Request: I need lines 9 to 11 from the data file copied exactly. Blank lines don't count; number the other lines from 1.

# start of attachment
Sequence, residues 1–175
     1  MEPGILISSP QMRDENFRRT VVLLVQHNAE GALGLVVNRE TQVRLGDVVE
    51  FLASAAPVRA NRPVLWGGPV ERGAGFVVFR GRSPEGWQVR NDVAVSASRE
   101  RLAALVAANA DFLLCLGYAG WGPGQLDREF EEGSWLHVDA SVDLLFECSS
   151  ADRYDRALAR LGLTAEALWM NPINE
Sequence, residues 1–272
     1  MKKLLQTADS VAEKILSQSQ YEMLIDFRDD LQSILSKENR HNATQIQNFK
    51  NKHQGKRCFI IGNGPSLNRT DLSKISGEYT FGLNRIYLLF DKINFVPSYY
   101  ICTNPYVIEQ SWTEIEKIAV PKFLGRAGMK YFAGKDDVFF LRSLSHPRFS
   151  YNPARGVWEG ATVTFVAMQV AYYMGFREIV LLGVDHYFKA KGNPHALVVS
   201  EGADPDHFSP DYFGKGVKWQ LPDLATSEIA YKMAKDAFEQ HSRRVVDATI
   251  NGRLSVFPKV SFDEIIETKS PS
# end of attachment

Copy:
   101  ICTNPYVIEQ SWTEIEKIAV PKFLGRAGMK YFAGKDDVFF LRSLSHPRFS
   151  YNPARGVWEG ATVTFVAMQV AYYMGFREIV LLGVDHYFKA KGNPHALVVS
   201  EGADPDHFSP DYFGKGVKWQ LPDLATSEIA YKMAKDAFEQ HSRRVVDATI